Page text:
A member of a church choir for 16 years, she spent two years in conservatory

jazz studies. "I thought I wanted to be a jazz singer, and I tried

my hand but I wasn’t very good at it."

"People always ask how we got from the streets to the glamour

world of folk music," writes Roper in one of his typically tongue-in-cheek

observations. "It’s not an easy story to tell, but I’ll try."

In fact, after 10 years in the business, the Sons is still a subsistence


"The band sustains itself by playing out and making CDs so we

can make the next CD. At this point we don’t take the money home,"

says Demel. "Fortunately we’ve all had day jobs that are flexible.

The work we have chosen supports the work we do the band." Demel

is a freelance illustrator, married to an archaeologist; Roper is

an instrument restorer; Lader is an artist and mother who also runs

a Chicago artist’s co-op.

"I love to sing and I always want to be out. Bruce likes to nest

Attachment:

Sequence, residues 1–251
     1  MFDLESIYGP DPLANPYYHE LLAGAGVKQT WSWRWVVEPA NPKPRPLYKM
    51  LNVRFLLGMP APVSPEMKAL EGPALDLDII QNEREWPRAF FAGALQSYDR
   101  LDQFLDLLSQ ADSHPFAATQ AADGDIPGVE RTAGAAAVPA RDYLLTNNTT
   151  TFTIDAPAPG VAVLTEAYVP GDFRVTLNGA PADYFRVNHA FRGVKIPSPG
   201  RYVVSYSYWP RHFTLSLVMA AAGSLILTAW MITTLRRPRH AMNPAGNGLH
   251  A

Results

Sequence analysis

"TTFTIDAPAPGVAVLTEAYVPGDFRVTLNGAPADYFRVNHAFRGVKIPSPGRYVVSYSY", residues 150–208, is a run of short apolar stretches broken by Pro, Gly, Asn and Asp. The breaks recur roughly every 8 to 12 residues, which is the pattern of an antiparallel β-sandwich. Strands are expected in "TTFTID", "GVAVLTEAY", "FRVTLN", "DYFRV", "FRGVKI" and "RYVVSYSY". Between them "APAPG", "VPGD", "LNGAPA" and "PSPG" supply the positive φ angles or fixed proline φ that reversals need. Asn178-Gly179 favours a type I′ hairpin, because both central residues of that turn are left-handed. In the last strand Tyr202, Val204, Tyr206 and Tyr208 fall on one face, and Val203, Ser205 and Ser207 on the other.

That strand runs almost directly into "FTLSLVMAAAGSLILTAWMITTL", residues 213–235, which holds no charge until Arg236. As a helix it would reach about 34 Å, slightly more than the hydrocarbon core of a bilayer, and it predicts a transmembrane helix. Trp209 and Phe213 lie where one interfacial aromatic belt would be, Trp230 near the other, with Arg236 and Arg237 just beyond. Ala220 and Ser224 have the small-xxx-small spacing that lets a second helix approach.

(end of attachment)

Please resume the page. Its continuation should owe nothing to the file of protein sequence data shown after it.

at home; Deborah is a mom. we don’t play away as much." The band

plays every other week at home. "We used to average 125 nights

a year but now it’s more like 35 to 50. We play more in the year we

make an album."

Demel seems content to serve her art and her audiences despite the

financial challenges. "That’s the coolest thing about folk music,"

he says. "It’s made by the people, for the people, and there’s

something healing and fun about it. I mean coming together as a community

to listen to music and eat snacks — there’s nothing better."

— Nicole Plett

Sons of the Never Wrong, Concerts at the Crossing,

Unitarian Church at Washington Crossing, Titusville, 609-406-1424.

$12. Saturday, November 9, 8 p.m.